The latest iteration of one of the most popular first-person shooter franchises ever, Call of Duty: Black Ops, walks a fine line between old school and next-gen, leaving the player in limbo and providing for a less-than-smooth experience.
Cold War is the fifth installment in the Black Ops series developed by Treyarch. Based in the 1980s, players go without jetpacks and thrusters seen in previous Call of Duty games, slowing down the pace of gameplay.
Upon release, the multiplayer consists of an eight-map cycle, three of which can be played in the 12 vs. 12 format. The maps have an older theme with darker tones and muted colors.
Visually, the maps are solid; it’s the game’s feel and flow where the problems lay.
While playing on water vessels is not a foreign concept in Call of Duty, the Armada Strike map carves out much of the space in the middle, forcing action to the sides.
The bottom portion of the ship is left largely unattended in every game mode, leaving players crammed in close-quarter gunfights inside of the ship or taking infrequent long-range shots inside the enemy spawn.
Moscow exhibits a traditional three-lane map that made Call of Duty famous, but the constant breaks into small windows, dim hallways and separate rooms encourage stagnant playstyles.
Long, narrow corridors and accessible camping locations plague the Checkmate map in all game modes. The closed roof prevents aerial killstreaks from removing enemies from the box they’ve sat behind all game.
However, not all maps are doomed. Crossroads and Satellite facilitate the most action throughout all battleground areas.
The bright background colors in both maps illuminate hidden enemies. The center of each map contains enough cover to outplay multiple enemies at the same time, but players cannot sit for too long without being taken out.
Similar gun balancing issues that ruined the early days of Call of Duty: Modern Warfare exist in Cold War, particularly with the MP5. From the moment the game was available for play, it was clear that a specific submachine gun had a clear advantage over most weapons in the game.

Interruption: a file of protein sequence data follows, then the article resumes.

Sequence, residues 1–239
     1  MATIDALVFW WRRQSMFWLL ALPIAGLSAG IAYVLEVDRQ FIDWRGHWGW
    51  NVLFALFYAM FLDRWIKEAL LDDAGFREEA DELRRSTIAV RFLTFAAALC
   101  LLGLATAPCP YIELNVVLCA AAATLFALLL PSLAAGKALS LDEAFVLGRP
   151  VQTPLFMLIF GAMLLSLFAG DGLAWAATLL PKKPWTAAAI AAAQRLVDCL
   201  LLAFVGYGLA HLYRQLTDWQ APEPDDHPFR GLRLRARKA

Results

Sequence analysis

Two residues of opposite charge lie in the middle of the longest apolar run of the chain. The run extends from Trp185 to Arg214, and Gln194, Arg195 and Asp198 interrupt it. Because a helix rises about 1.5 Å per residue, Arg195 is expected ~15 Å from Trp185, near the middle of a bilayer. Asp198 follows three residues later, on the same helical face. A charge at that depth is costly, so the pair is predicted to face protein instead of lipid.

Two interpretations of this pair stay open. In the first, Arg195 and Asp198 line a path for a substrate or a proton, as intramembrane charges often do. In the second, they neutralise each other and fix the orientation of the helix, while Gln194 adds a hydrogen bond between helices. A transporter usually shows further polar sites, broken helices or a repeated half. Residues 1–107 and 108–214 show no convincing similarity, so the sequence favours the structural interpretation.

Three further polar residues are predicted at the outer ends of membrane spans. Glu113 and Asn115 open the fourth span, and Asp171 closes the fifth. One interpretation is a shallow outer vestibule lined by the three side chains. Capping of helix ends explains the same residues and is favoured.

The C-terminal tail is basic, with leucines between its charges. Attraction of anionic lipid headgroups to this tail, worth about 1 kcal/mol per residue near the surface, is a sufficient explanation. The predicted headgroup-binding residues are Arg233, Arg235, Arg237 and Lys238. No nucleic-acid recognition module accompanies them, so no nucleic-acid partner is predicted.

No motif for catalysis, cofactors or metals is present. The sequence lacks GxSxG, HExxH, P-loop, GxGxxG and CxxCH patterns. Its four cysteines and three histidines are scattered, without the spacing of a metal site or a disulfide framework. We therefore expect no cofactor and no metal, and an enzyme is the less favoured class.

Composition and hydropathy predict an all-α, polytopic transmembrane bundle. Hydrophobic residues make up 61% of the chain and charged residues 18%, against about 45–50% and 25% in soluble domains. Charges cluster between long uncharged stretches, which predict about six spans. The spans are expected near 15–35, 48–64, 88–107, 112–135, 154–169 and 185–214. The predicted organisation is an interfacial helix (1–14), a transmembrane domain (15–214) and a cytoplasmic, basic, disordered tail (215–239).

Months after Modern Warfare was released, professional players complained that the MP5 was still too strong. The gun was eventually patched, but similar signs of dominance exist with this game’s version: fast fire rate, minimal recoil and nimble player movement.
Everyone who has played a Call of Duty game in the past has encountered the frustrating occurrence of getting shot after running for cover. The pre-existing hit detection issues are surprisingly worse in Cold War, according to tests run by Morgan Park of PC Gamer.
In Modern Warfare, there was a three-frame delay between registering bullets with hit markers after the gun was fired. Park’s tests reveal a five-to-seven frame delay to register shots in Cold War, providing little reason to stray away from the tried and true MP5.
The inconsistency between attachments, perks and killstreaks showcase the biggest gap between old school and next-gen identity in this game. Treyarch removed some of the more futuristic attachments, such as thermal sights, under barrels and gun perks.
However, customizable bodies, handles, stocks and magazines exist on virtually every gun.
While perks are standard for any Call of Duty game, the wildcards feel more 2020 than 1980. Unlocking the option to equip eight attachments on your primary weapon or utilize three extra perks is a little too technologically advanced for the Cold War era.
Like the perks, the killstreaks in this game are standard for any Treyarch game. However, the scorestreak system implemented in Cold War creates a traffic jam for players looking to call in aerial attacks.
Modern Warfare utilized a streak system that reset every time the player died. In Cold War, streaks are carried over through death, only resetting once the final streak is obtained.
The use of skill-based matchmaking is supposed to create a balanced lobby for everyone. If the goal is to have every user near an even kill-to-death ratio, they will all obtain their killstreaks at the same time, creating a traffic jam for everyone looking to call in their rewards.
The game runs smoothly and looks visually appealing. However, the wavering identity between the old and new school creates a rift in the gameplay that leads to vastly different adventures from map to map.
Hotfixes to overpowered weapons and faulty hit detection can patch up some of the issues that currently exist in the game. Ultimately, the overall design of Call of Duty: Black Ops - Cold War will likely leave players with an inconsistent experience because it's unsure of what era it wants to take place in.